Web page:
On June 12, 2017, the Supreme Court of Canada hinted that it would be making an “announcement of interest” later that afternoon. What could it possibly be, many of us legal beagles wondered. Was it an unexpected judicial retirement? Could it be that the Chief Justice of Canada herself was retiring?
Amid the predictions among legal academics, lawyers, and journalists alike, the Supreme Court of Canada released the official news — the Honourable Chief Justice of Canada Beverley McLachlin would be retiring from the Supreme Court, effective December 15, 2017 (nine months before her mandatory retirement date in September 2018).
In the six months since this announcement, opinions and predictions were focused on two questions: 1) who will be the next Chief Justice of Canada, and 2) who will fill the seat on the Court left vacant after McLachlin retires. With these selections now made, attitudes are also widespread on what went right and what went wrong in the process.
Who will be the next Chief Justice of Canada?
The strong views that emerged on these two questions showed the investment that everyone from legal academics to members of the public had in the future of our nation’s highest court.
The last appointment to the Supreme Court from Saskatchewan was 55 years ago.
The importance of the role of the Chief Justice of Canada cannot be overstated. The Chief Justice is the highest ranking judge in Canada, representing the Canadian judiciary both at home and abroad, and maintaining a vital voice in ensuring the rule of law is advanced without succumbing to any political pressure. Interestingly, the Chief Justice can become the Administrator of Canada and exercises all the powers of the Governor General in the event the Governor General dies, becomes incapacitated, is removed, or is absent from the country for more than a month.
When it came to guessing who would fill this judicial office, however, it seemed people were divided on who would be the best fit. A number of the current judges on the Court are relatively new appointments with limited experience. Many believed Justice Rosalie Abella was the logical choice for Chief Justice given her 13-years of experience on the Court and her position as the most senior justice after McLachlin.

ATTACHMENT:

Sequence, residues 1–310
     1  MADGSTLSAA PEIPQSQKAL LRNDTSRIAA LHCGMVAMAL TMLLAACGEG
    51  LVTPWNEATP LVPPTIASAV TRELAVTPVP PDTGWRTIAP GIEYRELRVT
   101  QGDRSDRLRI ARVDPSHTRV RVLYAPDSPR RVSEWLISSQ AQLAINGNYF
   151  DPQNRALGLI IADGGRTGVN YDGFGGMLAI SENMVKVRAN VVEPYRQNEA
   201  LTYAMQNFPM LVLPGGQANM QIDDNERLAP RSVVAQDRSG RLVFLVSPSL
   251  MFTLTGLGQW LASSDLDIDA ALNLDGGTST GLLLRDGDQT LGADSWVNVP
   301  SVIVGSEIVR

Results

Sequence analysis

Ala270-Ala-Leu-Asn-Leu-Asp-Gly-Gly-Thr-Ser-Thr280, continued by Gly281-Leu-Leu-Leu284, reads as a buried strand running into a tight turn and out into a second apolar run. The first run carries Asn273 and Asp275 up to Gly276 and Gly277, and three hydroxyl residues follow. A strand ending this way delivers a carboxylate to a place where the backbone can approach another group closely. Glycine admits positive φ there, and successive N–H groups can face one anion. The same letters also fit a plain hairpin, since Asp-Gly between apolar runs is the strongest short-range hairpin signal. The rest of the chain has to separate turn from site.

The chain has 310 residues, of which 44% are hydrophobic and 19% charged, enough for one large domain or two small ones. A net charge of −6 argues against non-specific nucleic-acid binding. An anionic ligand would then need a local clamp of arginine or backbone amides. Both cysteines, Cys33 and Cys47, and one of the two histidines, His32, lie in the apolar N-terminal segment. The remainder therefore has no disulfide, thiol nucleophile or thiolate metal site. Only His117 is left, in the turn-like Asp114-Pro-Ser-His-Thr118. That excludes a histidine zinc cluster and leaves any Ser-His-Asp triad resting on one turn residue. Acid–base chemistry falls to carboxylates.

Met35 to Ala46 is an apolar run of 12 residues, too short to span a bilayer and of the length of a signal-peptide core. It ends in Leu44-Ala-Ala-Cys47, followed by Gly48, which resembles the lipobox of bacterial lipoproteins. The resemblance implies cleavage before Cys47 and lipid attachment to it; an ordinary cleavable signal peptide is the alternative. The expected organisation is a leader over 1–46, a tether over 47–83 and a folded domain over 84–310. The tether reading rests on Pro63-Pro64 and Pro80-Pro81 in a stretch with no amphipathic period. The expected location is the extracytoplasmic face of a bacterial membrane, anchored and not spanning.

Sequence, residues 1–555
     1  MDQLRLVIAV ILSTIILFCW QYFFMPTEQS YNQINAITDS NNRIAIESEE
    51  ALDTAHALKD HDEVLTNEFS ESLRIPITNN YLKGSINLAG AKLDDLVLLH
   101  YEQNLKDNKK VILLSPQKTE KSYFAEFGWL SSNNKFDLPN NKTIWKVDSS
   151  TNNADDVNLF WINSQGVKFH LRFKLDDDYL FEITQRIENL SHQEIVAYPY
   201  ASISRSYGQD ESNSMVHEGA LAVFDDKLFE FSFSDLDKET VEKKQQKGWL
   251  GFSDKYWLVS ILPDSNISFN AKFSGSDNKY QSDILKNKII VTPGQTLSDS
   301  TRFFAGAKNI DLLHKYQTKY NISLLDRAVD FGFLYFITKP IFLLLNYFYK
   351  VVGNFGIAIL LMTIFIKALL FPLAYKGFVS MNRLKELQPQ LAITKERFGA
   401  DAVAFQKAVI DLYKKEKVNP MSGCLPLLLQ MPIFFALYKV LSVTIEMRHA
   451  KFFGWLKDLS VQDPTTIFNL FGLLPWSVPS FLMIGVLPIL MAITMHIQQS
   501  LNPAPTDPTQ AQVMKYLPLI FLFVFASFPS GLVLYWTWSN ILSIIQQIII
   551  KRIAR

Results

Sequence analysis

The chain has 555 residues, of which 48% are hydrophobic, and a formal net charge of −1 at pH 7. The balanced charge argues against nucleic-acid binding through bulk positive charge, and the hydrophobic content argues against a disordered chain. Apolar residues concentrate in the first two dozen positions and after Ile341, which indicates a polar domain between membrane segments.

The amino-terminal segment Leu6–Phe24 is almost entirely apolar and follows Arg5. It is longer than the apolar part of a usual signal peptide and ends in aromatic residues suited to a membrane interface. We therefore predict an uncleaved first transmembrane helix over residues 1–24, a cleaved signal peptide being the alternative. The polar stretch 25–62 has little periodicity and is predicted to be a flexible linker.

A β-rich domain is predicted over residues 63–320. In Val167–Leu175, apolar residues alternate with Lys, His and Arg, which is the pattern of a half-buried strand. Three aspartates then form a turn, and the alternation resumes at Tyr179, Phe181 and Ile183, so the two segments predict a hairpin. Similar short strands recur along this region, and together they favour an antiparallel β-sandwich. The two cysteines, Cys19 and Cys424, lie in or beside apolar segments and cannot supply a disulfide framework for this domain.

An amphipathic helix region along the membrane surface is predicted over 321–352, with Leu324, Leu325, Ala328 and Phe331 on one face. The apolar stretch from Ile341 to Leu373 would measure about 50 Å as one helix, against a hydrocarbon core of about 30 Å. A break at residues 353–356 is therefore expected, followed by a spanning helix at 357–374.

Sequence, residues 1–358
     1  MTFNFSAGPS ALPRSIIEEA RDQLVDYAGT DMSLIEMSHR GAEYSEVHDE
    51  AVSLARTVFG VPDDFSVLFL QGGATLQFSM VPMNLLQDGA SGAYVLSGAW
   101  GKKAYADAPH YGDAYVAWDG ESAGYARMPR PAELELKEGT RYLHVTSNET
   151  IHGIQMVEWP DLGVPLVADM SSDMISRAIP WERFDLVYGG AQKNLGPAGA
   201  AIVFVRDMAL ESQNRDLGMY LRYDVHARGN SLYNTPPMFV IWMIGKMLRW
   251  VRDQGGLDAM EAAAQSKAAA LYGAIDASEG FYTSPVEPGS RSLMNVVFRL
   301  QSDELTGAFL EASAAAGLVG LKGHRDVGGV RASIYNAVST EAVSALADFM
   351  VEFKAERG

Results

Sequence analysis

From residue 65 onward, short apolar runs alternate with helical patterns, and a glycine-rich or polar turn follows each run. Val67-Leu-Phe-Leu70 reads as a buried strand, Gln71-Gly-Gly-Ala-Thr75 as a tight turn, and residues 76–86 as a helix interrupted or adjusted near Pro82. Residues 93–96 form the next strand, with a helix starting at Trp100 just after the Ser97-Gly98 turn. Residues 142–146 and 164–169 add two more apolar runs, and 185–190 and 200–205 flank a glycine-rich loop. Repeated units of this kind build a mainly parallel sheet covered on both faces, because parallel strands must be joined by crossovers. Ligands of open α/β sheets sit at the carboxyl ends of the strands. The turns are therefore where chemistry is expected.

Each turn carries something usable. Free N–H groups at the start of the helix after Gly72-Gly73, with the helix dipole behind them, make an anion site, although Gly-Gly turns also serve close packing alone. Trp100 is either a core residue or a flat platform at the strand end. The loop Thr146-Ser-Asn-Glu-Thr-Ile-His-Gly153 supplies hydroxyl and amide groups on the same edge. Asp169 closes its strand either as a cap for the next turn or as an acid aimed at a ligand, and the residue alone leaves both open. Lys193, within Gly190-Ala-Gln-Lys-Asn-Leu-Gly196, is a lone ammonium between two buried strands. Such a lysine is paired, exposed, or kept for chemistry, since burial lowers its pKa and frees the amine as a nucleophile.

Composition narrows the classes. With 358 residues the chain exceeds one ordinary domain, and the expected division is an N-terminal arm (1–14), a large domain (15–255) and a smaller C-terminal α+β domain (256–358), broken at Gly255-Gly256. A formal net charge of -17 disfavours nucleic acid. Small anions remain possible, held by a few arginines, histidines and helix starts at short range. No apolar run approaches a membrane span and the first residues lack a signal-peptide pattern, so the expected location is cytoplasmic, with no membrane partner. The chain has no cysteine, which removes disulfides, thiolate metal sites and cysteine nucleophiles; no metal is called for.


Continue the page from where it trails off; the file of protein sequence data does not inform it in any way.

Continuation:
Others, however, seemed to believe the Prime Minister would follow the convention of rotating Chief Justices between those from the civil law jurisdiction and those from the common law – that is, alternating between Quebec and the rest of Canada. In that spirit, Justice Richard Wagner from Quebec who had been on the Court since 2012 was the favoured choice if tradition were to trump seniority.
Altogether, only 1% of all Canadian judges are Indigenous. Ultimately, it was this traditional choice that Prime Minister Trudeau made when he named Justice Wagner the new Chief Justice on December 12, 2017. The appointment reflects a respect for the tradition of alternating chief justices between the common law and civil law traditions. Notably, the appointment also creates stability in the Court for at least the next 15 years. In comparison, Justice Abella would have had a shorter tenure as Chief Justice because she will retire in 2021. Chief Justice Wagner meanwhile faces mandatory retirement from the Court in 2032.
As our longest-serving Chief Justice, McLachlin leaves the Court after her 17-year tenure as Chief Justice (and 28 years on the Court altogether) having been known for speaking out about access to justice and Indigenous rights. The legacy that McLachlin leaves is in many ways difficult to follow for new Chief Justice Wagner. Lawyers and academics will want to see whether Wagner is able to achieve the same level of consensus-building that McLachlin came to be known for and whether he moves the Court away from what others consider “judicial activism”.
Who will fill the vacant seat on the Court?